Another key challenge is improving women’s representation on corporate boards. A report published by the Diversity Task Force, a government body established to examine gender diversity on boards and senior management, regarding women on boards, Gender Diversity on Boards: A Business Imperative, reveals that as at April 2013, only 8.3 percent of director positions in Singapore were held by women. The proportion of all-male boards among Singapore Exchange-listed companies was 57 percent.

Despite challenges, promising trends highlight an increasingly supportive environment for women in the workforce. Many business networks in Singapore specifically target women and provide support, advice, and business development opportunities. Further, the appeal of entrepreneurship for women is evidenced by the fact that more women than men start businesses in Singapore. Further, the number of women in leadership positions is increasing. Women’s representation in the Singapore Parliament has risen. In 2013, women held 25 percent of Parliamentary seats,which exceeded the Inter-Parliamentary Union’s world average of 21 percent. Singapore’s first woman Speaker of Parliament was appointed in January 2013. Women made up 11 percent of judges in the Supreme Court, 52 percent of Judicial Officers in the State Courts and 50 percent of Judicial Officers in the Supreme Court.

The government is committed to advancing the status of women in Singapore. The government’s Employment Act, originally enacted in 1968, sets basic employment standards of employees, regardless of gender, and, in 2002, Singapore ratified the International Labour Organization (ILO) Convention Number 100 regarding Equal Renumeration, which further mandates supportive workplaces for women. This has narrowed the gender wage gap. Women now making 88 percent of what men make. The Office for Women’s Development (OWD) was set up as the national focal point on gender policy matters and regional and international cooperation on women. The OWD identifies issues, challenges, and trends affecting women’s development in Singapore and provides advice from the gender perspective to public agencies.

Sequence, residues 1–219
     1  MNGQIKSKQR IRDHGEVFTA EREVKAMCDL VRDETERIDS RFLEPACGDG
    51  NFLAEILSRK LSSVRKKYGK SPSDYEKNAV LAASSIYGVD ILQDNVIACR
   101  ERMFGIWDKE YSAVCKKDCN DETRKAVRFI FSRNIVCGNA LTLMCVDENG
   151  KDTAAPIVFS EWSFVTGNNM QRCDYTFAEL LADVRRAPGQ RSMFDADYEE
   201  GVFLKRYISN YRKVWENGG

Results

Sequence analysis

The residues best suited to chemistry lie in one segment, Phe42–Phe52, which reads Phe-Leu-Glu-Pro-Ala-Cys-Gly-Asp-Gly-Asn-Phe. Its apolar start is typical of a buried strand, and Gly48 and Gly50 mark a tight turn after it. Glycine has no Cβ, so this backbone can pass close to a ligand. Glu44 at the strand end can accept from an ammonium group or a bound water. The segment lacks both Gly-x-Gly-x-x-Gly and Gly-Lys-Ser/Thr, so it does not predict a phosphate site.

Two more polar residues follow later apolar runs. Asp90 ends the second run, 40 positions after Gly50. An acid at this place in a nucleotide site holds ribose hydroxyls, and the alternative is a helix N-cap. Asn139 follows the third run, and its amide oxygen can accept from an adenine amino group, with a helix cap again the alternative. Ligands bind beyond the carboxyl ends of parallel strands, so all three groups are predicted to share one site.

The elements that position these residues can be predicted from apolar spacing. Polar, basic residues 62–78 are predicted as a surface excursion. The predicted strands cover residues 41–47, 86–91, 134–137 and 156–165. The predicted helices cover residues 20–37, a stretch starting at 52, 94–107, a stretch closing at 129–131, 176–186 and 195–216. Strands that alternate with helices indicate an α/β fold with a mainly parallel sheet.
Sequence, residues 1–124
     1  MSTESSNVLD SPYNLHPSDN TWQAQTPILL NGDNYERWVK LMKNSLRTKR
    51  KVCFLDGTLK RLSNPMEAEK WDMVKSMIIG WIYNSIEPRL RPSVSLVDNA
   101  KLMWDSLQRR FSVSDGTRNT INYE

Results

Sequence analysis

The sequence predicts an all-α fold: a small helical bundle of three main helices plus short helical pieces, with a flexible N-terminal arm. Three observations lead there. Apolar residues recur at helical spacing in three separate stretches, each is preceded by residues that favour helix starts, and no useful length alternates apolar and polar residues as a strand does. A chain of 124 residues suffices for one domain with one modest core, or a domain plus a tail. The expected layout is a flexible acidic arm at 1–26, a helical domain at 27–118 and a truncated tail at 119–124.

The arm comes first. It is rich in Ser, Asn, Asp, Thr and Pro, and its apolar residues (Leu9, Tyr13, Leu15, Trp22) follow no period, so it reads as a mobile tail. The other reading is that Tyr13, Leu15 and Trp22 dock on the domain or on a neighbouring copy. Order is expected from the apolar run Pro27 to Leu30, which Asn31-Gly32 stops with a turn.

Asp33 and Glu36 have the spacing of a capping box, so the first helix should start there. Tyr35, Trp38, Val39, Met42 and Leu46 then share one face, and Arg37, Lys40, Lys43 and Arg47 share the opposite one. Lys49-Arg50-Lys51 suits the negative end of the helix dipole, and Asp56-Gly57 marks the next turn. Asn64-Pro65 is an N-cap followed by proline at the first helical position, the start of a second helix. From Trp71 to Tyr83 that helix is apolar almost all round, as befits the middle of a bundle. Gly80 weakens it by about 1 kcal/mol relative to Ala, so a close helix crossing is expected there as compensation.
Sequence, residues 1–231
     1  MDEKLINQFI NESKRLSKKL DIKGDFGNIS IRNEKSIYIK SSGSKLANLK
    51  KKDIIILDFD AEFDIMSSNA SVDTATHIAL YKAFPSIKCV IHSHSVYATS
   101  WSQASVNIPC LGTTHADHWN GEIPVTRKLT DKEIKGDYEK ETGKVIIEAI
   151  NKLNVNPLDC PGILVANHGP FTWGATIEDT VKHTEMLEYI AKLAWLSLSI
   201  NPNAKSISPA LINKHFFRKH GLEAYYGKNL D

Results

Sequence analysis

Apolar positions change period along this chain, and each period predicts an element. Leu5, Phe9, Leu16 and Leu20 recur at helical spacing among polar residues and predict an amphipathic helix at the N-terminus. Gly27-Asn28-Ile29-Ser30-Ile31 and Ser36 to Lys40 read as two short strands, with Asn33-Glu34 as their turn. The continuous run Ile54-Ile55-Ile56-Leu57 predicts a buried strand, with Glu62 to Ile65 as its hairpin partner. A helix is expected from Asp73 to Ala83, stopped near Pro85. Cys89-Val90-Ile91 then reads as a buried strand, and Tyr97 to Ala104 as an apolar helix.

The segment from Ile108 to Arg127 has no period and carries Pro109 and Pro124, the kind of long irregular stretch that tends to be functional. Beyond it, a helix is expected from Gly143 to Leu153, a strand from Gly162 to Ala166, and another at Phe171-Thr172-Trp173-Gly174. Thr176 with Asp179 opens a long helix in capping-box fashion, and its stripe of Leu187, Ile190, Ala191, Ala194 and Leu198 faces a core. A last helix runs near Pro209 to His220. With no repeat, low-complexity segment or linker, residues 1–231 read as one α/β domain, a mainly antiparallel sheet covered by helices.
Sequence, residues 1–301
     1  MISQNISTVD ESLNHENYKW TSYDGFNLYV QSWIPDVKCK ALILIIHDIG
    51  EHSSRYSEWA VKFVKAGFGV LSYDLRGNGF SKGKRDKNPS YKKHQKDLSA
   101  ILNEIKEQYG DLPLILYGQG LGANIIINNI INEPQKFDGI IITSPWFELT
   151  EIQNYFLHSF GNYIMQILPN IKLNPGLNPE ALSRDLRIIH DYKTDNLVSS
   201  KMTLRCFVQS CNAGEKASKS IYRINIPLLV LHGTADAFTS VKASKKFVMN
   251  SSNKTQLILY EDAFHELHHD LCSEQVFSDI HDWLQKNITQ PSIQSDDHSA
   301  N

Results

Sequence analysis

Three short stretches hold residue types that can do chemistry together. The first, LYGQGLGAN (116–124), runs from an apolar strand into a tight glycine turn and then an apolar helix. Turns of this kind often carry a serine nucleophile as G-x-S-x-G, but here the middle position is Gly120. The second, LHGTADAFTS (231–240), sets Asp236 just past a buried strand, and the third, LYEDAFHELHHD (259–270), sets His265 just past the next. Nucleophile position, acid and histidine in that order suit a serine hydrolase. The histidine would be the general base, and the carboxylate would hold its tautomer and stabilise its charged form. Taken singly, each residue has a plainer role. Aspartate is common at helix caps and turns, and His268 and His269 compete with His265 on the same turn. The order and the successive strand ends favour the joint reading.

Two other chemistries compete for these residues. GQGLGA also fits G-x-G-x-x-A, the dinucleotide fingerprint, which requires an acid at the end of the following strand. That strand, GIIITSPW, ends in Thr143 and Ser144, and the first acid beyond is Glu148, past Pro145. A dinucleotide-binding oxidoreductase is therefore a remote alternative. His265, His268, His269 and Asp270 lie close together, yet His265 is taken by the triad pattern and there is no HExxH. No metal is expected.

Business networks in Singapore very effectively target women in various stages of business development and provide a range of support options. Networks provide women entrepreneurs with opportunities to establish both business partnerships and friendships with other women working in their sector, with business people working in different industries, and with women representing a range of nationalities. Support includes technological assistance and guidance for women balancing family and professional life, with multiple networks to choose from. A number of global business networks have also become established in the economy, further providing business development support, increasing exposure to new business ideas, and opening access to business opportunities.

Networks that support women’s access to capital and assets: 

This financial association aims to promote the professionalism of the financial industry in Singapore, particularly focused on women. Specific activities include: (1) supporting a networking platform; (2) holding events including seminars and presentations to support...more

Networks that support women’s access to markets: 

Established in 2002 by the SBF Act, the federation promotes the interests of the Singapore businesses on issues of trade, investment, and industrial relations. Every company in Singapore with a paid-up share capital of SGD 0.5 million (US$ 375,000) is a member. As such,...more

IWFCI is an international nonprofit NGO established in 1992 to address the needs of business women. The federation focuses on opening up trade opportunities for women across the Asia Pacific region. As such, IWFCI has offices in China, India, Korea, Russia, and the...more

Networks that support strengthened capacity and skills for women in business: 

Business and Professional Women’s Association (Singapore)–Third Chapter was established in 1999. Besides promoting the interests of business and professional women, the association encourages community...more

This group brings together entrepreneurs, professionals, business people, investors, and coaches and hosts Meetups, seminars, and social events. It has 331 members.more

Founded in 2001, BPW Singapore is affiliated with the International Federation of Business and Professional Women (BPW International), which has affiliates in 95 economies across five continents. BPW Singapore has the following chapters:...more